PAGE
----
168 N. Loudoun Street
Winchester, VA 22601
Open Tuesday-Thursday: 11am-11 pm
Open Friday-Saturday: 11am-1:30 am
Open Sunday 11 am-5 pm

August 2014 Edition

Bloom 1934 (small)

Photo: May 3, 1934. Note: The White Palace and Barker’s Lunch is were Brewbaker’s currently is located – the building to the left of White Palace is no longer standing.

In May 1934 Baltimore Sun Photographer A. Aubrey Bodine snapped a picture of Loudoun Steet just before the Apple Blossom Parade began. Soon an estimated 120,000 spectators watched as Troop E, US Calvary escorted Mrs. John Hay Whitney (Mary Elizabeth Altemus Whitney) from Middleburg through the streets of downtown. Twenty-nine princesses accompanied the Queen and nine divisions of school children marched. The celebrations of that week dominated the news in town, but outside of the festival life in Winchester news was marching on.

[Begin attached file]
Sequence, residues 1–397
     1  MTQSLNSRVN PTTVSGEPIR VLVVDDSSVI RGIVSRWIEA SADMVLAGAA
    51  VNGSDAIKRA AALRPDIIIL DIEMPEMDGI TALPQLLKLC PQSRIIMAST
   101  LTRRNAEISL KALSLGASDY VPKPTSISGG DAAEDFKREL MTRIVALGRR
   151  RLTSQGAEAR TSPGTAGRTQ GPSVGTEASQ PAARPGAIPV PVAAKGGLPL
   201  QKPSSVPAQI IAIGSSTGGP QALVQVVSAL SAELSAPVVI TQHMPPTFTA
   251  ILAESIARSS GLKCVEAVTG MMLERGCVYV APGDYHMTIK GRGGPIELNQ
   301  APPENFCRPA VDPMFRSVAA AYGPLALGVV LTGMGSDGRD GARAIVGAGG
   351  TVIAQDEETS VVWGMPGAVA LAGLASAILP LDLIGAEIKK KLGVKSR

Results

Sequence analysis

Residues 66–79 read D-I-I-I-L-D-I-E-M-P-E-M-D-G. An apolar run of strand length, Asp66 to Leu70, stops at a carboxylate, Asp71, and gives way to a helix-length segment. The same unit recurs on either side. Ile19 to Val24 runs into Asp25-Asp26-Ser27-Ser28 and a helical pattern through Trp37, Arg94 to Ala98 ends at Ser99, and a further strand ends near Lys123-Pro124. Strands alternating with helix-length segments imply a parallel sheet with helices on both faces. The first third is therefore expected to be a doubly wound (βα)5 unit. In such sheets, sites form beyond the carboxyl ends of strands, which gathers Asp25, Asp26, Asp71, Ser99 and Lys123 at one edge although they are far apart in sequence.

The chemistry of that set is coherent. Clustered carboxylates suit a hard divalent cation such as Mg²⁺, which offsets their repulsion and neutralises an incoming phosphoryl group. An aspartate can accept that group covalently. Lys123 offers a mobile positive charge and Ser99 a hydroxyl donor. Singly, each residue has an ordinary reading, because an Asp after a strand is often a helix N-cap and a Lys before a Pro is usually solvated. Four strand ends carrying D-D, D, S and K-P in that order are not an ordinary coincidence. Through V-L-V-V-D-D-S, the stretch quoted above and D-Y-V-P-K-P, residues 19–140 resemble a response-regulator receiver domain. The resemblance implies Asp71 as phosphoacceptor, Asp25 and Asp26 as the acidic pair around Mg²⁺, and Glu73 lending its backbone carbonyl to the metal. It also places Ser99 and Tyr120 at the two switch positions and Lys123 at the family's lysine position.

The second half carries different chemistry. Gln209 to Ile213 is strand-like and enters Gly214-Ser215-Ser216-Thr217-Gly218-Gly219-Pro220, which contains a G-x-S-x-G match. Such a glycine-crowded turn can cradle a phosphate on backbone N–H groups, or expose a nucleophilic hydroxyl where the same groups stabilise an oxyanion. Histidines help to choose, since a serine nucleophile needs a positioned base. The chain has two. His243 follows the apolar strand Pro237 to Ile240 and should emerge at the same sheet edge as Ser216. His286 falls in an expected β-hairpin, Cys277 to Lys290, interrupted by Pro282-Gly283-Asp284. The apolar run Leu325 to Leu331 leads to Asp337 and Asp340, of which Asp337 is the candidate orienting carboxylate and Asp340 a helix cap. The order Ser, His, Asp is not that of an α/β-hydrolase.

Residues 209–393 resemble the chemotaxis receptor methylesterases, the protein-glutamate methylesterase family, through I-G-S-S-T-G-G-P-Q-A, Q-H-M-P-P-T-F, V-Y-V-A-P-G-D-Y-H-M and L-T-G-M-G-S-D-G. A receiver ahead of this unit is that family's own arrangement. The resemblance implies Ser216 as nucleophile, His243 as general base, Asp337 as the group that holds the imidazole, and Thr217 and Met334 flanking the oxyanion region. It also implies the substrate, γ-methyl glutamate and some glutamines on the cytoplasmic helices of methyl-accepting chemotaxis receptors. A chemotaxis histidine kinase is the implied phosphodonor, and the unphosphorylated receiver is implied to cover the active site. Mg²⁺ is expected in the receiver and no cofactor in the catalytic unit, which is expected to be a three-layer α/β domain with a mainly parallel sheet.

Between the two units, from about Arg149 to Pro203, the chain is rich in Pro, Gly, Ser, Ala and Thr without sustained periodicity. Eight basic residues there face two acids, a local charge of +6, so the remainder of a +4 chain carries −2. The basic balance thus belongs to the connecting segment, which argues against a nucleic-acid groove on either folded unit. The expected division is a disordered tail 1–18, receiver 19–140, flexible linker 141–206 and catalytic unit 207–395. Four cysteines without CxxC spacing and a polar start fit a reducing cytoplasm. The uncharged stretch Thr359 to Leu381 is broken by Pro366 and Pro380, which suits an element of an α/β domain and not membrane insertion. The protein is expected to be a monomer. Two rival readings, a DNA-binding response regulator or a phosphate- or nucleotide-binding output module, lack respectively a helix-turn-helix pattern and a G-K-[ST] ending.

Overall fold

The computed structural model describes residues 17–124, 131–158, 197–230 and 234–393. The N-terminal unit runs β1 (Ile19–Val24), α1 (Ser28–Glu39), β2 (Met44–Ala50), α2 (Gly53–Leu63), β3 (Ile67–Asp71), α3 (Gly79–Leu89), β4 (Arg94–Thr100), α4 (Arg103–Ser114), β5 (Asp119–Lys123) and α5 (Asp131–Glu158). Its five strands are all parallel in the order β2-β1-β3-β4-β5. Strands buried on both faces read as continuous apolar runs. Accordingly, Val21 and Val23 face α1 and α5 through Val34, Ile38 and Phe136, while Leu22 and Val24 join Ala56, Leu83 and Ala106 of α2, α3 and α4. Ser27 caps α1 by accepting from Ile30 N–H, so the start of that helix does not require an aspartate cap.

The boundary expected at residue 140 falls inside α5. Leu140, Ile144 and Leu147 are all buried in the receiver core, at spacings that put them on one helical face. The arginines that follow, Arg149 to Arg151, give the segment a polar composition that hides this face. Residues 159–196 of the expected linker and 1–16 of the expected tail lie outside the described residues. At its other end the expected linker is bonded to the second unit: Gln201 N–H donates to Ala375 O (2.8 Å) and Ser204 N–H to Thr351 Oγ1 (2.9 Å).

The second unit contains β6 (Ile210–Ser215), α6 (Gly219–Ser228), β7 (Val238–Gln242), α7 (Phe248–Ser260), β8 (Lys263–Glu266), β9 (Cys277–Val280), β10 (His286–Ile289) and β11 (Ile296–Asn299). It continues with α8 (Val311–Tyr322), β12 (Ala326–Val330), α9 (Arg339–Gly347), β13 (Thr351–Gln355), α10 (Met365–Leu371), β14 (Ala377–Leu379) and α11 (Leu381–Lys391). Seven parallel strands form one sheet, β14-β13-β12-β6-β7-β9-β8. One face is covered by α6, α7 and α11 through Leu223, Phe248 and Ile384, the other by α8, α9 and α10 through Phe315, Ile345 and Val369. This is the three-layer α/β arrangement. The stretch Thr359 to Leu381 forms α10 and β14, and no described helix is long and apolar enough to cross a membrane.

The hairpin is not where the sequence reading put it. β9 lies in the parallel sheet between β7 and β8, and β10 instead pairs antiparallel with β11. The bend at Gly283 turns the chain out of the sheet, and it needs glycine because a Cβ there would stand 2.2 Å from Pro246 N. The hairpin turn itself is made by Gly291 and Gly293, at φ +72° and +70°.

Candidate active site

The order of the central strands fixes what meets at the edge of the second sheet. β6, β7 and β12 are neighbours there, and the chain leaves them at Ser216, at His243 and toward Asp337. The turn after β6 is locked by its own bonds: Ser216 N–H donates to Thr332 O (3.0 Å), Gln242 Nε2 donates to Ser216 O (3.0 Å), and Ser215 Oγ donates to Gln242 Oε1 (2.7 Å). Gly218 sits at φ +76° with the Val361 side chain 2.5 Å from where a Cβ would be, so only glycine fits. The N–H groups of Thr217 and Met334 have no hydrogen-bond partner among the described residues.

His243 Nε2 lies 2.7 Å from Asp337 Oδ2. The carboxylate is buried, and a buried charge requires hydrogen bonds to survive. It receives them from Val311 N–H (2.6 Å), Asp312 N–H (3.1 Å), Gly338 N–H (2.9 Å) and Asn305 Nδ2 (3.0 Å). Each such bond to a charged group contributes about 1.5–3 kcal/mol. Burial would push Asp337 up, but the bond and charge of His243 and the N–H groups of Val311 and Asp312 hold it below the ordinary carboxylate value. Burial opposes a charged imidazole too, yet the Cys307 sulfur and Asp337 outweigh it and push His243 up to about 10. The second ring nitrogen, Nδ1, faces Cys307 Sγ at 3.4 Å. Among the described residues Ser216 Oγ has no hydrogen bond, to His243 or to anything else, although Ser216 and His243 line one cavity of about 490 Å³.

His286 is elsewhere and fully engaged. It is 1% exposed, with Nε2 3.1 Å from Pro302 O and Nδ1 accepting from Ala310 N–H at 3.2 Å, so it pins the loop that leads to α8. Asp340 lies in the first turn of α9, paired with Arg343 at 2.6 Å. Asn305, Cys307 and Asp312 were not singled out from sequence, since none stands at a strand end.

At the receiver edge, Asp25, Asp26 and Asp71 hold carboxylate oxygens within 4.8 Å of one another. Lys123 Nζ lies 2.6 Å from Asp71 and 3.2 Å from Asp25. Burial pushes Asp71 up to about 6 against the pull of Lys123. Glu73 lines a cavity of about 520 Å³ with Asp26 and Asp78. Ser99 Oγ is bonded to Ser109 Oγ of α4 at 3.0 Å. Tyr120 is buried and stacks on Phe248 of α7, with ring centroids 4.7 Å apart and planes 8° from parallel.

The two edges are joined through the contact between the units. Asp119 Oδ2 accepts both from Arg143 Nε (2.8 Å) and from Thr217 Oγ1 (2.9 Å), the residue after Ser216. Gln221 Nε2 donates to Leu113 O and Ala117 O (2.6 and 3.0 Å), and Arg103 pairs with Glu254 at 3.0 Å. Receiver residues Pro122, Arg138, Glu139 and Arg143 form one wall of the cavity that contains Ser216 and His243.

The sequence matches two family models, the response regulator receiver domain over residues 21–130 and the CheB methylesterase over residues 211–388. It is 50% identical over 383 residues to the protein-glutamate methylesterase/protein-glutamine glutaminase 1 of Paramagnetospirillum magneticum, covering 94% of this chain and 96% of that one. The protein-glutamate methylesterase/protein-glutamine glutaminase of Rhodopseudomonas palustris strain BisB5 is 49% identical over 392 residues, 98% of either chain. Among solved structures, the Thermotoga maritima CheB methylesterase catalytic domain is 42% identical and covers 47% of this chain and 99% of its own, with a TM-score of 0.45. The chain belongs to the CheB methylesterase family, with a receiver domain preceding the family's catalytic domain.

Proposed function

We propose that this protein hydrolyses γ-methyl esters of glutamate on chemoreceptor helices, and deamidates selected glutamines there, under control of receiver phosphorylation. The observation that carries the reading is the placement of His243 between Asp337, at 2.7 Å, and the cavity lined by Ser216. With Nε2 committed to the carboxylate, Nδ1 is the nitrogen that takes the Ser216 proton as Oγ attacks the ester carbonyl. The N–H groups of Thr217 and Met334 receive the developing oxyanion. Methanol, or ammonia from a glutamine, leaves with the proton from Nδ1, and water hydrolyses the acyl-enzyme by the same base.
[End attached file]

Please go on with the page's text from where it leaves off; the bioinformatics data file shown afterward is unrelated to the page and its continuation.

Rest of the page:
In April more than 100 men applied for five jobs at the local post office, police were called to handle the crowd. Thirty one auto owners were fined $3.00 each for expired tags. A loan of $30,000 was made to the city by local banks. The budget was set by City Counsel at $241,000. Mrs. Betty Cooper won a gas stove in a local cooking contest. The news continues into May; Telephone service was crippled by lightning storms for two weeks. Nine telephone operators hand delivered messages to area businesses and residents. A fire of unknown origin damaged several downtown stores; the damage was estimated at $50,000. Frederick County was put on the approved list following TB examinations of cattle. And W.P and C.F. Massey received a license to manufacture fruit brandy.

And so it seems fitting that a World Famous Photographer would travel from Baltimore to forever freeze a moment of calm on Winchester’s main drag.